The year 2019 marked four decades of cluster computing, a history that began in 1979 when the first cluster systems using Components Off The Shelf (COTS) became operational. This achievement resulted in a rapidly growing interest in affordable parallel computing for solving compute intensive and large scale problems. It also directly lead to the founding of the Parco conference series. Starting in 1983, the International Conference on Parallel Computing, ParCo, has long been a leading venue for discussions of important developments, applications, and future trends in cluster computing, parallel computing, and high-performance computing. ParCo2019, held in Prague, Czech Republic, from 10 – 13 September 2019, was no exception. Its papers, invited talks, and specialized mini-symposia addressed cutting-edge topics in computer architectures, programming methods for specialized devices such as field programmable gate arrays (FPGAs) and graphical processing units (GPUs), innovative applications of parallel computers, approaches to reproducibility in parallel computations, and other relevant areas. This book presents the proceedings of ParCo2019, with the goal of making the many fascinating topics discussed at the meeting accessible to a broader audience. The proceedings contains 57 contributions in total, all of which have been peer-reviewed after their presentation. These papers give a wide ranging overview of the current status of research, developments, and applications in parallel computing.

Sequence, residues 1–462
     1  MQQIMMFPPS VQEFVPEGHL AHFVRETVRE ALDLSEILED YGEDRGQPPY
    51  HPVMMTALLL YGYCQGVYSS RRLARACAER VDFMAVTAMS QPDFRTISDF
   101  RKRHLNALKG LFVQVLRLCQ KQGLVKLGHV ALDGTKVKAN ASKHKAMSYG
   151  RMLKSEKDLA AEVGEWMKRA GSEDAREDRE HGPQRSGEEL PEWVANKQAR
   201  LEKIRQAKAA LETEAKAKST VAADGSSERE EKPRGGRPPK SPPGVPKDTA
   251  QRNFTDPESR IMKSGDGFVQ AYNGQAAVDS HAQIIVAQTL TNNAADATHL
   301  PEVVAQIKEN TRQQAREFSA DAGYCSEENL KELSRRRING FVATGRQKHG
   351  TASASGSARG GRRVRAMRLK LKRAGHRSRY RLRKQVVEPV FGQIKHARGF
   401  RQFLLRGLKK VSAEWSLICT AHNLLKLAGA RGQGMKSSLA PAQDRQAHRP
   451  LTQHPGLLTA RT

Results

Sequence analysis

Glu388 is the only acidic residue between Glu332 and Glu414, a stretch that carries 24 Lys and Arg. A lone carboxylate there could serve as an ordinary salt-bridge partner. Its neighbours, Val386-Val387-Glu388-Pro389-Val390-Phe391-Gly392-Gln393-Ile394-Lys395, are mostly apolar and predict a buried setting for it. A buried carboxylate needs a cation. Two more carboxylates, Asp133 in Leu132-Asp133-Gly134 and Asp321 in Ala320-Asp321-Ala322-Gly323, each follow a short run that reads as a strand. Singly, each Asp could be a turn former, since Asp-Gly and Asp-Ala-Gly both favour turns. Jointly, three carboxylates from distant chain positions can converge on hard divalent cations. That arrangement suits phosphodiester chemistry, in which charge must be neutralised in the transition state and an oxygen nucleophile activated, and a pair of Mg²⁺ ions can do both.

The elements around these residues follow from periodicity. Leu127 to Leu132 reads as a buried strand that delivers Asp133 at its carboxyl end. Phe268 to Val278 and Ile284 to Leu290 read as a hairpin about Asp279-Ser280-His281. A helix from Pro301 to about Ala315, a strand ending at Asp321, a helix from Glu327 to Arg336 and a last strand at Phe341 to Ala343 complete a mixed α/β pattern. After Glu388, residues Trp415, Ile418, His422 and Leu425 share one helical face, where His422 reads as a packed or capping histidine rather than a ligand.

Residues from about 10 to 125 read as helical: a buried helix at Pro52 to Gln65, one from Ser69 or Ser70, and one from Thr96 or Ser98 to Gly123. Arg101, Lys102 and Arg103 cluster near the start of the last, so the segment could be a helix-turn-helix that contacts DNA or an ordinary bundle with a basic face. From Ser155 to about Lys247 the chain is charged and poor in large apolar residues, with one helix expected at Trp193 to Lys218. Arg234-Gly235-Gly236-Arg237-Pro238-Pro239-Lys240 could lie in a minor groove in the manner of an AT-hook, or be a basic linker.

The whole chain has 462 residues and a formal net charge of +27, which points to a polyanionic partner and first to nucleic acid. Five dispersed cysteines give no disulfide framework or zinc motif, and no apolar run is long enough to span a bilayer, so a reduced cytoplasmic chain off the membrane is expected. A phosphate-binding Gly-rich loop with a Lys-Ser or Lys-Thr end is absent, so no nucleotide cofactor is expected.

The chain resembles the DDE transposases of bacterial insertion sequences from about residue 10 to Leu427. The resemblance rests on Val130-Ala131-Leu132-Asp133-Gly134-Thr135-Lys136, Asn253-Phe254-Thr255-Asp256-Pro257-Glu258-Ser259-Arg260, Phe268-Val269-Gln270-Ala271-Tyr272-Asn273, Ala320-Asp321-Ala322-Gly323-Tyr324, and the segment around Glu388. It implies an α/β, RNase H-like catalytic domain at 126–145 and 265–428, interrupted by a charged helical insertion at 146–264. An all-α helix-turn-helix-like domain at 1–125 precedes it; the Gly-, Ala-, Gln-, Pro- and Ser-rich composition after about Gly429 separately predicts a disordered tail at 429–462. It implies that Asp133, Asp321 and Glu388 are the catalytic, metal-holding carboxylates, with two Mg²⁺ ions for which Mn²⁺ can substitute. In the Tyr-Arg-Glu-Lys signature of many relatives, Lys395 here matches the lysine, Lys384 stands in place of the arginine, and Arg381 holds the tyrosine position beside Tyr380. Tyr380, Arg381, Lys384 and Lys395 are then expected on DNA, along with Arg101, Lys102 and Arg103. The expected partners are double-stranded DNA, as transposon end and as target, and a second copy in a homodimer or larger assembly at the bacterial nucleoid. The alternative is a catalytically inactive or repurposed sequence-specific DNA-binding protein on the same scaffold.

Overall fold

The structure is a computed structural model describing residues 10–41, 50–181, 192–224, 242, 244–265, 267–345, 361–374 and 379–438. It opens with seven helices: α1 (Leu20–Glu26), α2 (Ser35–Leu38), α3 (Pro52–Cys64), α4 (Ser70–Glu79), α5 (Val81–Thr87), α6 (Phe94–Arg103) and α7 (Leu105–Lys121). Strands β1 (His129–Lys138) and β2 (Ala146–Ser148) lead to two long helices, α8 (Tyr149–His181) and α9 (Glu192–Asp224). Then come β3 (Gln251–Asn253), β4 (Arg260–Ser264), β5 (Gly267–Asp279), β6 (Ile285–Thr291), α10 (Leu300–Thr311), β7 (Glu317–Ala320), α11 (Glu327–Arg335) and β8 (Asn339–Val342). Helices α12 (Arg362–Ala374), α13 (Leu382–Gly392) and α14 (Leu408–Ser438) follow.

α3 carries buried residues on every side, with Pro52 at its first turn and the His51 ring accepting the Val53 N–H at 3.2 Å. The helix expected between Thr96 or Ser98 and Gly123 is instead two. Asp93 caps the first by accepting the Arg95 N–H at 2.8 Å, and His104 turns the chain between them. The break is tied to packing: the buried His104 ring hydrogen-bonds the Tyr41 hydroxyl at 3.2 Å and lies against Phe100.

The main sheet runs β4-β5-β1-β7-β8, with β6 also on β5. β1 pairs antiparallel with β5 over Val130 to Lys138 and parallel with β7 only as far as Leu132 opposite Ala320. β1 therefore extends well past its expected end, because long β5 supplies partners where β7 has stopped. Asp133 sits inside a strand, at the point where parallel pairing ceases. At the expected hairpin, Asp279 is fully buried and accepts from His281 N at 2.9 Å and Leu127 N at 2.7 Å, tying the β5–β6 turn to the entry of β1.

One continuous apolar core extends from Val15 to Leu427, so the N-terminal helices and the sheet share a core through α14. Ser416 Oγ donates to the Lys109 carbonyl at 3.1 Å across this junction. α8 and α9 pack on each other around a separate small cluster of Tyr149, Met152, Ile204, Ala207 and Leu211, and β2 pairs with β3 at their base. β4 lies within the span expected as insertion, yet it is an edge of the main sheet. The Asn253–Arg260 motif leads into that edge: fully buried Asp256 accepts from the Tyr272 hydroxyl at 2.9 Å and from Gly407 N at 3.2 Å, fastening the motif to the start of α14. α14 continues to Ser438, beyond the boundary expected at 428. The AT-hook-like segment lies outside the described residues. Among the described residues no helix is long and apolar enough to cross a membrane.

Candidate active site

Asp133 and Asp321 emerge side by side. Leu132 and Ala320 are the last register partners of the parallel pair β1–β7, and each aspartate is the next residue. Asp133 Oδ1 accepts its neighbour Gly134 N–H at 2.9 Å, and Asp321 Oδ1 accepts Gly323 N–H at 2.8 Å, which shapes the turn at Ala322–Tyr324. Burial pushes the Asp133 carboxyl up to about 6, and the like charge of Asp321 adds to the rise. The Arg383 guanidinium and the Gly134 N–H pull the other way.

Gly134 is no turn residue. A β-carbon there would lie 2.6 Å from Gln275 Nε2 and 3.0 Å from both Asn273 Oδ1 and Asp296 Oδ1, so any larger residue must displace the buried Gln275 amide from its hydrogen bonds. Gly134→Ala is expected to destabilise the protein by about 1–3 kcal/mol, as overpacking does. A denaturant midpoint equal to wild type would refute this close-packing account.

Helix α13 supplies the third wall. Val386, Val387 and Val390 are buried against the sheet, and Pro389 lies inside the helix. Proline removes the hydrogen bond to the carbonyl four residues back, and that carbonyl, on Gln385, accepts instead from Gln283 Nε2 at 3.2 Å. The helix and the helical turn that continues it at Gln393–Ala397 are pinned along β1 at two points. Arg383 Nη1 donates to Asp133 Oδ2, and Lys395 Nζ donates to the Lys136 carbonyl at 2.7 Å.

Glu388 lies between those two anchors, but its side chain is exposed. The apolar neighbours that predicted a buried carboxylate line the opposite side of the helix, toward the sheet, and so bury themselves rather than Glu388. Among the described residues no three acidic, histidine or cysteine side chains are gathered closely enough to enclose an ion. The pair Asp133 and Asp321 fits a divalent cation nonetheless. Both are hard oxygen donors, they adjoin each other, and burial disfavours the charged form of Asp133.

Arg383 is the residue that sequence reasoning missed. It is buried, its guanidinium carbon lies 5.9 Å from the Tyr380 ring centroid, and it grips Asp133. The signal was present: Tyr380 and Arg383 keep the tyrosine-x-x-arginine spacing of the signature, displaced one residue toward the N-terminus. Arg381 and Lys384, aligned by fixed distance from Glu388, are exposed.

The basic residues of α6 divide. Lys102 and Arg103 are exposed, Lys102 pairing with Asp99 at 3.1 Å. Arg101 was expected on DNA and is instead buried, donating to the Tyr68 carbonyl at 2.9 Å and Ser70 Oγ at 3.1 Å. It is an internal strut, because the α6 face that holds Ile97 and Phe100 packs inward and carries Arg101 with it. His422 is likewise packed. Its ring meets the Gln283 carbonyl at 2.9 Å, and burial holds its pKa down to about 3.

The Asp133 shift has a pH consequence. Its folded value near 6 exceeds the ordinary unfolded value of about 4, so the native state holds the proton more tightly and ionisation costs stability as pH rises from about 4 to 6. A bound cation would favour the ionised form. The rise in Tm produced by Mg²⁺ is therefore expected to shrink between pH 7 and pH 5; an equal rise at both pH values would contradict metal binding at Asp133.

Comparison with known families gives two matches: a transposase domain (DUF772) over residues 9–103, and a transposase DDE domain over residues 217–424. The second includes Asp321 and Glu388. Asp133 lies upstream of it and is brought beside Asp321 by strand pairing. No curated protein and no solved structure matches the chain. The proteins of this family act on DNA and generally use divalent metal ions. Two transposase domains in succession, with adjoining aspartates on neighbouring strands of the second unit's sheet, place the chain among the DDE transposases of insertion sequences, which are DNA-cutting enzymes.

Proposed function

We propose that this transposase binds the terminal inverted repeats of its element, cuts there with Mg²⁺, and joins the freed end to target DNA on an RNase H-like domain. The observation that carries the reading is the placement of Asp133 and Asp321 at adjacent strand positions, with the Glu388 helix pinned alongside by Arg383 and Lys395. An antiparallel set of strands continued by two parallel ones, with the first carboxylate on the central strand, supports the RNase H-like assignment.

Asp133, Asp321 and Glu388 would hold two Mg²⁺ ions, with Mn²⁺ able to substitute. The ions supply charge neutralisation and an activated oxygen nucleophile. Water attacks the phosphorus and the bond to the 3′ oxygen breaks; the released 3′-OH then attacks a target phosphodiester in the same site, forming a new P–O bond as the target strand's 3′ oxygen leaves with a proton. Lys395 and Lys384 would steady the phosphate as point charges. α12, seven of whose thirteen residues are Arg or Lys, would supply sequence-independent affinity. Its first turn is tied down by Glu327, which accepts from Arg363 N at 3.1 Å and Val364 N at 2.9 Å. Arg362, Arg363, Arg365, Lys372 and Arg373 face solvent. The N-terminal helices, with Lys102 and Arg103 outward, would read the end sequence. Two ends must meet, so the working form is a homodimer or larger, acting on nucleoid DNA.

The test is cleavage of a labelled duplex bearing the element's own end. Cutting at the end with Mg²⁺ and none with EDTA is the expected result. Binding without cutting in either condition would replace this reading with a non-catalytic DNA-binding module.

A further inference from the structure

10th International Conference on Cellular Automata for Research and Industry, ACRI 2012, Santorini Island, Greece, September 24-27, 2012. Proceedings
Author: Georgios Ch. Sirakoulis